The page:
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So I'm still out here in Seattle, in the home of my father-in-law, Clay, who previously worked in the vending industry. He and I have differing political views that make our conversations rousing and fun.

Today, he slides a couple of printouts across my desk (well, technically, it's his desk; his house, his desk) from foodnavigator.com in which Dr. Barry Popkin has "revoked" a theory that HFCS was tied to the rise in obesity. The 2004 article catalyzed a consumer backlash against HFCS that's still under way.

I presume the printouts (gotta work with him on the printer reflex) were an update of one of our conversations, about the soda tax that has been suggested by President Obama and others. I am for it, entirely, completely, even though I don't have an answer to Clay's question, "What else will people drink? Will that be any better?"

Even though it's a decent question, my position is still that cans of carbonated sugar water, especially at the levels they're consumed in America, are bad for health, both individually and collectively. Raise taxes on them (and use the money to help pay for the ill health that results from those sales) and their consumption will go down, just like tobacco-tax increases led to less smoking.

The article he pointed to, "Sweetening the perception of HFCS," was classic industry-speak. Corn Refiners Association President Audrae Erickson says "our industry is very pleased" that the University of North Carolina professor acknowledged that HFCS isn't worse than any kind of sugar. HFCS has been losing market share to sugar.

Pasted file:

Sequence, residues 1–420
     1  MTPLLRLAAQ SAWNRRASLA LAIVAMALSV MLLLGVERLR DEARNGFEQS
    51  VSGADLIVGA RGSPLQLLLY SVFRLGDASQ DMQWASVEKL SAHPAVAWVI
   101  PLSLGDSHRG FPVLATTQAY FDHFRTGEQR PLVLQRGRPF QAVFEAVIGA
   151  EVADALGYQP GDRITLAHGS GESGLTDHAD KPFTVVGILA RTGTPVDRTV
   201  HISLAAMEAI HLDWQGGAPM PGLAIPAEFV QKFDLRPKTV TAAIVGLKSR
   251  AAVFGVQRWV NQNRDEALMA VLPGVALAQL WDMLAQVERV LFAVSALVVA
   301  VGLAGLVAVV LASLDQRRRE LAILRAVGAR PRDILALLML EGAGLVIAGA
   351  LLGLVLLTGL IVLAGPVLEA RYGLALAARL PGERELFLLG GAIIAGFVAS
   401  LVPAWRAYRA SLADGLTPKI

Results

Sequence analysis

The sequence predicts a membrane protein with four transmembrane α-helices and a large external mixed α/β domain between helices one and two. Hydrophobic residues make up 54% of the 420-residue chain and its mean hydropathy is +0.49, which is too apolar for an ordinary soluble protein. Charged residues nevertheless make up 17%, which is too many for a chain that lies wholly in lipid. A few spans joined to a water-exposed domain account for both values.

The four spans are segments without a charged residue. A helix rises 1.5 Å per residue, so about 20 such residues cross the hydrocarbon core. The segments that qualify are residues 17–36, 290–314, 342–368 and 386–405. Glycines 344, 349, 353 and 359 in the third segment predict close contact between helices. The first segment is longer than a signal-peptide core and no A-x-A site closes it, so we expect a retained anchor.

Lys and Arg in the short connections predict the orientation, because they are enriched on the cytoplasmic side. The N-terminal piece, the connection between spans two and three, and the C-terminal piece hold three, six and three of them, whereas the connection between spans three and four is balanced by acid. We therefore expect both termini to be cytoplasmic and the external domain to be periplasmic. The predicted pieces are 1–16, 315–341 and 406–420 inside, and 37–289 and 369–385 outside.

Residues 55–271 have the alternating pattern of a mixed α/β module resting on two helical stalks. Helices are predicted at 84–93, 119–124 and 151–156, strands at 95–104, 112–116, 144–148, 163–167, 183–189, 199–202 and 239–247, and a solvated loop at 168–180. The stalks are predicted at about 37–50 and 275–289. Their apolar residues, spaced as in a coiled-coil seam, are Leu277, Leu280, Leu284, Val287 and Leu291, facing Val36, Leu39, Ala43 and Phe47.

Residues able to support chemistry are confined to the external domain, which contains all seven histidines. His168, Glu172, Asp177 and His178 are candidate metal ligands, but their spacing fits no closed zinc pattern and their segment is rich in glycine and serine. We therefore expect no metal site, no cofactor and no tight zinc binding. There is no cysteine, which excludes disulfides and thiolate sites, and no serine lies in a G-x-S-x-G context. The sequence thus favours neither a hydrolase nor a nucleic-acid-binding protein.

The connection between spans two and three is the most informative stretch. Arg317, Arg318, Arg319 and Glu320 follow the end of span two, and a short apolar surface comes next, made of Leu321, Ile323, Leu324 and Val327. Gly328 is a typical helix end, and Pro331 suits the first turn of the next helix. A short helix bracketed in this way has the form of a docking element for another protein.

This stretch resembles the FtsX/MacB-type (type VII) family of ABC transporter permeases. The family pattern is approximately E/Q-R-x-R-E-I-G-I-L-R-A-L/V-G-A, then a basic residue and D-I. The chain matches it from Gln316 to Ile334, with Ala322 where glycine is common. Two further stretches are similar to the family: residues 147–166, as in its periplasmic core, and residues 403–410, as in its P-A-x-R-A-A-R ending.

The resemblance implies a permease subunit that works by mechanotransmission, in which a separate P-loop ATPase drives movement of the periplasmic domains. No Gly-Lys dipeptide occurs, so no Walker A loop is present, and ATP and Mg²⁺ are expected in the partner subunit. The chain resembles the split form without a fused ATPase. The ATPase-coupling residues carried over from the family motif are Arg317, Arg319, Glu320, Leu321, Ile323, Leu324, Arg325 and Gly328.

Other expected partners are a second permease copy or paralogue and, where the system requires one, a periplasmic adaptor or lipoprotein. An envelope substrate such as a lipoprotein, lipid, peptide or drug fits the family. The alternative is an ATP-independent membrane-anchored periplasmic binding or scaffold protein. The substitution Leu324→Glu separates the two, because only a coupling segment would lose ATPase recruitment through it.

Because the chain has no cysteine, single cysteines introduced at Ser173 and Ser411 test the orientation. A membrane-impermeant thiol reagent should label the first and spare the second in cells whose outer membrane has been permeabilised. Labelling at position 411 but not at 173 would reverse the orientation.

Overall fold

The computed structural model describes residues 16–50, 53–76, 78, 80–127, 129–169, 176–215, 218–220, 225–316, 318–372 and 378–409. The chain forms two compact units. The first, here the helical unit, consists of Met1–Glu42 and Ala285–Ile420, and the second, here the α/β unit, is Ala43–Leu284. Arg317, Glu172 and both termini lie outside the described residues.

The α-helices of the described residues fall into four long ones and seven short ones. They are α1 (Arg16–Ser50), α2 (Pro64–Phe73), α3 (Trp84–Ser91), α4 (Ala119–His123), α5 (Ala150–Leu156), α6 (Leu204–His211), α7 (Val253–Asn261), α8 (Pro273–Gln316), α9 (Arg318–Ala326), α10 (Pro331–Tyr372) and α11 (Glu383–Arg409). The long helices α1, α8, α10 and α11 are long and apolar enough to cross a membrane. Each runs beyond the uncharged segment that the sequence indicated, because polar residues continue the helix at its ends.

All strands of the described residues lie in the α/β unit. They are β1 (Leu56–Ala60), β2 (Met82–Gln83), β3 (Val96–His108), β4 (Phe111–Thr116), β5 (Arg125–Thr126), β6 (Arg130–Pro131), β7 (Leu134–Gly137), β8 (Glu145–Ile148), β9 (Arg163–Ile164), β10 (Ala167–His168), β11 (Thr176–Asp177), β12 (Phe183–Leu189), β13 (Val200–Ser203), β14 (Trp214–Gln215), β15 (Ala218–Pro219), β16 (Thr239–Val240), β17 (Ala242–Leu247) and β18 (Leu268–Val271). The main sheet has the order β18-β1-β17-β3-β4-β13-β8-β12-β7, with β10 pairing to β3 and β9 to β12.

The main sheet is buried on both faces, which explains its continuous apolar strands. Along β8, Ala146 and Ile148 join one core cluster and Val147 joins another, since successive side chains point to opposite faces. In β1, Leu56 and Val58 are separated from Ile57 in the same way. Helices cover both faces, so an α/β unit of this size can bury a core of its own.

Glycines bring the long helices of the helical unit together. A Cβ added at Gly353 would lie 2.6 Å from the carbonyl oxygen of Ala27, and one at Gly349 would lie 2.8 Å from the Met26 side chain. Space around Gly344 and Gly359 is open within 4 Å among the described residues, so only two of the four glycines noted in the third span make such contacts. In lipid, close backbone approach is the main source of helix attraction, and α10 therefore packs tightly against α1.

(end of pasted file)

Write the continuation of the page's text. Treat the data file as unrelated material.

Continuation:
I'm glad — well, I guess I don't care — that Erickson is pleased with this, but I can't imagine she'd be chortling if she were reacting to Popkin's full thrust in "Fructose in the Firing Line," the article that prompted this folo. Here's an excerpt:

This is not to say that Popkin is letting high fructose corn syrup off the hook – just that he is also eyeing other fructose-containing sweeteners, like sugar.

He says that there is an extremely clear link between consumption of beverages sweetened with nutritive sweeteners, like HFCS and sugar, and health problems – including obesity, heart disease and diabetes. [my emphasis]

“The idea is very simple, that essentially in America – and the rest of the world – when you consume any caloric beverage, particularly sugar-sweetened beverage, [including corn-based sugar] you don’t reduce your food intake.”

Popkin has done a huge amount of research in this area and his work has demonstrated that the proportion of energy that Americans obtain from soft drinks has more than doubled from the late seventies to the early part of this decade.


So, HFCS "advocates," the message isn't, "HFCS isn't so bad." It's "HFCS is no worse than the others, but they're all bad."

Woo hoo! Let's have a party. Sodas all around!

Author and wellness innovator Michael Prager helps smart companies
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